Qatar National Bank sets path for Qatari lenders

Qatar's banks will need to follow the lead of Qatar National Bank and seek opportunities outside the country if they are to avoid being hit further by falling rates of growth and deposits at home.

Nighttime in the Souq Waqif in Doha. Qatar is undergoing a construction overhaul in advance of hosting the 2022 World Cup. Gabriela Maj / Bloomberg News
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Qatar's banks will need to follow the lead of the sector's largest lender, Qatar National Bank (QNB), and seek opportunities outside the country if they are to avoid being hit further by falling rates of growth and deposits at home.

With QNB growing full steam ahead through an acquisition spree that has transformed it into the Middle East's biggest bank, some of the country's regional ambitions are being realised.

But the rest of Qatar's banks are reporting falling earnings and raising capital as the competitive landscape proves more challenging than for the state-backed lender.

The country's transition from a gas-dominated economy to a frenzy of construction as it prepares to host the 2022 Fifa World Cup resulted in a sharp deceleration of economic growth.

Qatar's growth rate slowed from 14 per cent in 2011 to 6.3 per cent last year, according to the IMF.

Although most countries would love to be generating such a high rate of growth, banks and analysts agree that opportunities in the tiny country are becoming scarce.

Deutsche Bank has previously stated that Qatar's sharp deceleration could present significant challenges for the local economy, even if it is far from contracting.

"If going from 9 plus per cent growth down to 5-6 per cent growth in China is being considered as "hard landing" by some economists, our concern on Qatar is that going from circa 20 per cent down to 5-7 per cent - while still enviable for most sovereign states globally - could potentially have the same impact as the economists' concerns on China," the bank said in a statement. The investment bank feels there are no immediate signs of worry given the deep-pocketed government funds' ability to support the country's economy through what in Qatar may be described as relatively hard times.

Yet cracks are appearing elsewhere in Qatar's financial fuselage.

Qatar Islamic Bank reported net profits of 1.24 billion riyals (Dh1.26bn) for last year, reflecting a decline of 9.1 per cent compared with a year earlier.

The bank reported 502 million riyals set aside as provisions, more than double the 194.9m riyals booked a year earlier. Analysts said the bank's impairments in financial assets were the likely source of trouble.

Doha Bank has also shown signs of strain. Though its full year earnings rose by 5.1 per cent to 1.3bn riyals, it has begun a cash call to investors in an effort to improve its capital ratios.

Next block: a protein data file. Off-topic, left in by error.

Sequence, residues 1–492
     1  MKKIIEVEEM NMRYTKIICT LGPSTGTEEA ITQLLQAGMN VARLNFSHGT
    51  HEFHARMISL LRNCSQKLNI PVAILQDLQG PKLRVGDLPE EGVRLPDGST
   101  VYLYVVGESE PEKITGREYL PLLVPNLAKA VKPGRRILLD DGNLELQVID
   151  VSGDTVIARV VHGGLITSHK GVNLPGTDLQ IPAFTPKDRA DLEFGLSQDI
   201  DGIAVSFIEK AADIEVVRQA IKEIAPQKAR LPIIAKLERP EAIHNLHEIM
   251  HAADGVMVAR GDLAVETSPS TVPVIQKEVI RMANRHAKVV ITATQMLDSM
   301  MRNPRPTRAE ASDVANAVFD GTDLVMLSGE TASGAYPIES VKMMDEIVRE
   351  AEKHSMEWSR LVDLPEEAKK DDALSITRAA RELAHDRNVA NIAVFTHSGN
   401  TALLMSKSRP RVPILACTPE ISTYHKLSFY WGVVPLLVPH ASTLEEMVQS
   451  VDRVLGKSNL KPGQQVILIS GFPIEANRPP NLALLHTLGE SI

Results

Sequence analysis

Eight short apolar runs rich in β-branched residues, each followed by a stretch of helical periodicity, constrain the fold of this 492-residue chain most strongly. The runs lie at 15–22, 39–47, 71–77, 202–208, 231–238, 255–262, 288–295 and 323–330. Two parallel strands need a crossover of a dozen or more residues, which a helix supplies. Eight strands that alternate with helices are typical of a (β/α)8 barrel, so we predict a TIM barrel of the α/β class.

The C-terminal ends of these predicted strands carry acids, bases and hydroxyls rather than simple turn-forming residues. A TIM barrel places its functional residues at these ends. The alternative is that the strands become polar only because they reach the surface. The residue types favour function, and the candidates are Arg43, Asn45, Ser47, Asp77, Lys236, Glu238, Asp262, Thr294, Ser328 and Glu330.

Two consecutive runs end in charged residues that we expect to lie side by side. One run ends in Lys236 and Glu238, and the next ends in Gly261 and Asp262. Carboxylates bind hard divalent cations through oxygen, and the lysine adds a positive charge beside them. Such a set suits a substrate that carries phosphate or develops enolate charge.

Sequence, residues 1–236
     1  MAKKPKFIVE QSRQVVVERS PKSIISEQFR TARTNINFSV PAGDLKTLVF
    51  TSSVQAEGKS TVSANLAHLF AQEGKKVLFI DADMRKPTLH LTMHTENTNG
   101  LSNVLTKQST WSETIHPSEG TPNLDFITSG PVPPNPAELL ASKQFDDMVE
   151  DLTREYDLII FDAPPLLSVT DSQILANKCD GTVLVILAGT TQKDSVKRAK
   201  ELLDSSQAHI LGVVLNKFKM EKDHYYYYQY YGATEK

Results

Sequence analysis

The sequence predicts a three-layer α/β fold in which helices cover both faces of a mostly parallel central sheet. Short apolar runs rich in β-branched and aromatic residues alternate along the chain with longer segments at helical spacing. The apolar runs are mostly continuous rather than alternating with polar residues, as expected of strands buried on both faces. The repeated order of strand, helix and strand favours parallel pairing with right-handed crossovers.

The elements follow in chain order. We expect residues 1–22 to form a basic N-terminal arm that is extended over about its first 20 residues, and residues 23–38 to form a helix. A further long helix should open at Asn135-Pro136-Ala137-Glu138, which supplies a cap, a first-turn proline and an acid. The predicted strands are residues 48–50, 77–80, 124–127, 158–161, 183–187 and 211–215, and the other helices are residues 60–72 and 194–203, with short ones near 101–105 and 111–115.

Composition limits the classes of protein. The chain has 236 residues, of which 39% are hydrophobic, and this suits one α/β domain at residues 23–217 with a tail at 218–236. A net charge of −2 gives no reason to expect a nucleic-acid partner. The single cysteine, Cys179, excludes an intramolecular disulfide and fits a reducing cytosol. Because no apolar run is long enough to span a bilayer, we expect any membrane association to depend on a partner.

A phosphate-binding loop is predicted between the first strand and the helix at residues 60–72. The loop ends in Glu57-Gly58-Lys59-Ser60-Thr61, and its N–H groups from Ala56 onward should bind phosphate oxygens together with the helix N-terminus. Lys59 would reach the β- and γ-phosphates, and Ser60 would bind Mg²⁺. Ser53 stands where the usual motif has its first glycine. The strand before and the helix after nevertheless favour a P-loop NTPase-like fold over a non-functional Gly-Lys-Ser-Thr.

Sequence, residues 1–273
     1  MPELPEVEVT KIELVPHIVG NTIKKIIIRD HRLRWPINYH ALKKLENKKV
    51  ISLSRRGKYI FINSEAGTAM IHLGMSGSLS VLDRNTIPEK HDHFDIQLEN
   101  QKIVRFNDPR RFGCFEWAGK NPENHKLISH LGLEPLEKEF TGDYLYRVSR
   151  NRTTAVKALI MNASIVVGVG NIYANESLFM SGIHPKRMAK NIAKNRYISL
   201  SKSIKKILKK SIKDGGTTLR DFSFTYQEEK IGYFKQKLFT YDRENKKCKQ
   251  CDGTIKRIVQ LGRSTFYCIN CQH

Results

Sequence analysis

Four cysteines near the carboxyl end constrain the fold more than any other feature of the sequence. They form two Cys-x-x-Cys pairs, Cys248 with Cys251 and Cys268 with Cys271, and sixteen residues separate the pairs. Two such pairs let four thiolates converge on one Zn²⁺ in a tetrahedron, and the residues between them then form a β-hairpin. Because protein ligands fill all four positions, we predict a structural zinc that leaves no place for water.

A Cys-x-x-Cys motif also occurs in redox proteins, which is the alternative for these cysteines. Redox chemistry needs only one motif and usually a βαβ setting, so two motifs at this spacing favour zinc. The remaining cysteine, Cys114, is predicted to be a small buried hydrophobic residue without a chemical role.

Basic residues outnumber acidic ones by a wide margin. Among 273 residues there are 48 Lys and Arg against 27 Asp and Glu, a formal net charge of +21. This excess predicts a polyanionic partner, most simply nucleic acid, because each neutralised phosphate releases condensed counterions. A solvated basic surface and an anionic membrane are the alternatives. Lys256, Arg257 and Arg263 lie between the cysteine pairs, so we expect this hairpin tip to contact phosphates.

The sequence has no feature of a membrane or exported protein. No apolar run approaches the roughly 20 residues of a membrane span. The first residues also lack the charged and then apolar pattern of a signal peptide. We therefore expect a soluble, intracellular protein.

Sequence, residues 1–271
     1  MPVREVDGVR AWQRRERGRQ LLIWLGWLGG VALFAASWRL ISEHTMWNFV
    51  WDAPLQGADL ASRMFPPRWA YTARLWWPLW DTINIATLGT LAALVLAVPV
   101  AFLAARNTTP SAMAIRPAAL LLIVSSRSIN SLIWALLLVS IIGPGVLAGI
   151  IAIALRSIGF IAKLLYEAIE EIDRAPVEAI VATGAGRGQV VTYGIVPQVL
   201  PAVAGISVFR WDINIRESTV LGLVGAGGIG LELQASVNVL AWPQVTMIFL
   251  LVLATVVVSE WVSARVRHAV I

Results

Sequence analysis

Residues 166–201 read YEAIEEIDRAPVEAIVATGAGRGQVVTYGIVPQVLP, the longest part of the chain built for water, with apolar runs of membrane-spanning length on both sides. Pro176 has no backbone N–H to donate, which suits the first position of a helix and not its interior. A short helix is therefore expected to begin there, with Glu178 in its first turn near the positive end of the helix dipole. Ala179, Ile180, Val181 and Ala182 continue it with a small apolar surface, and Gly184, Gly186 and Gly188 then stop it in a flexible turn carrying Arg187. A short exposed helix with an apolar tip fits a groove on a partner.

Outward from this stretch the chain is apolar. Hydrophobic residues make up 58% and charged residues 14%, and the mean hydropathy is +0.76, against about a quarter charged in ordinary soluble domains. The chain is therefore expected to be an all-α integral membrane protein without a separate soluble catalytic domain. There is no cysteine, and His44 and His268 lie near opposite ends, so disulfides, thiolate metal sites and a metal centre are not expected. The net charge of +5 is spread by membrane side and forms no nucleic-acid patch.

The bank seeks to raise funds at a deeply discounted rate compared to its current market value through a share sale and offering of global depository receipts.

The lender is one of Qatar's most weakly capitalised, having struggled to grow its retail-focused banking business since the financial crisis hit in 2008.

For its part, QNB generated full-year net profit of 8.3bn riyals, growth of 11 per cent compared with 2011. That is in spite of four acquisitions during the year in Libya, Iraq, the UAE, and most recently Egypt.

Commercial Bank of Qatar has attempted to follow QNB's lead, having started talks to expand in Turkey via the purchase of a 75 per cent stake in Alternatifbank. CBQ reported net profits to 2bn riyals during 2012, a 6.7 per cent increase compared to a year earlier. "Credit demand has been dominated by the public sector with continuing low levels of demand from the private sector; however [CBQ] has successfully grown its lending and diversified revenue streams to deliver a record profit for the full year," said Abdullah Bin Khalifa Al Attiyah, the bank's chairman.

That may counteract the slowing pace of growth at home, where government firms have squeezed out many in the private sector. That was resulting in sluggish growth in deposits held with Qatari banks for most banks aside from QNB, said analysts. Deposits fell by 3.1 per cent across the sector during the third quarter, but Qatari banks' lending to each other has increased.

Stripping out the banking sector, deposits fell by $3.6bn to $28.9bn during the third quarter of the year, reflecting a drop of 10.9 per cent outside of financial firms, according to data from the Bank for International Settlements. With credit growth expected to remain strong, the deposit squeeze was likely to continue, resulting in Qatar banks turning increasingly to wholesale funding, according to analysts from Barclays Bank.

"There has been increased competition on attracting customer deposits, and this competition translates into higher costs paid on deposits," the analysts said in a statement.

"Credit growth is likely to remain strong (driven by expanding public sector spending) but to gradually slow down as funding tightens and reliance on wholesale funds increases."